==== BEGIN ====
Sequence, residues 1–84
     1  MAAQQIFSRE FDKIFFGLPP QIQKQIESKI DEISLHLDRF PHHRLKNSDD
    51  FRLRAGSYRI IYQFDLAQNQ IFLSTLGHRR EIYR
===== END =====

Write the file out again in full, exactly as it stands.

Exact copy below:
Sequence, residues 1–84
     1  MAAQQIFSRE FDKIFFGLPP QIQKQIESKI DEISLHLDRF PHHRLKNSDD
    51  FRLRAGSYRI IYQFDLAQNQ IFLSTLGHRR EIYR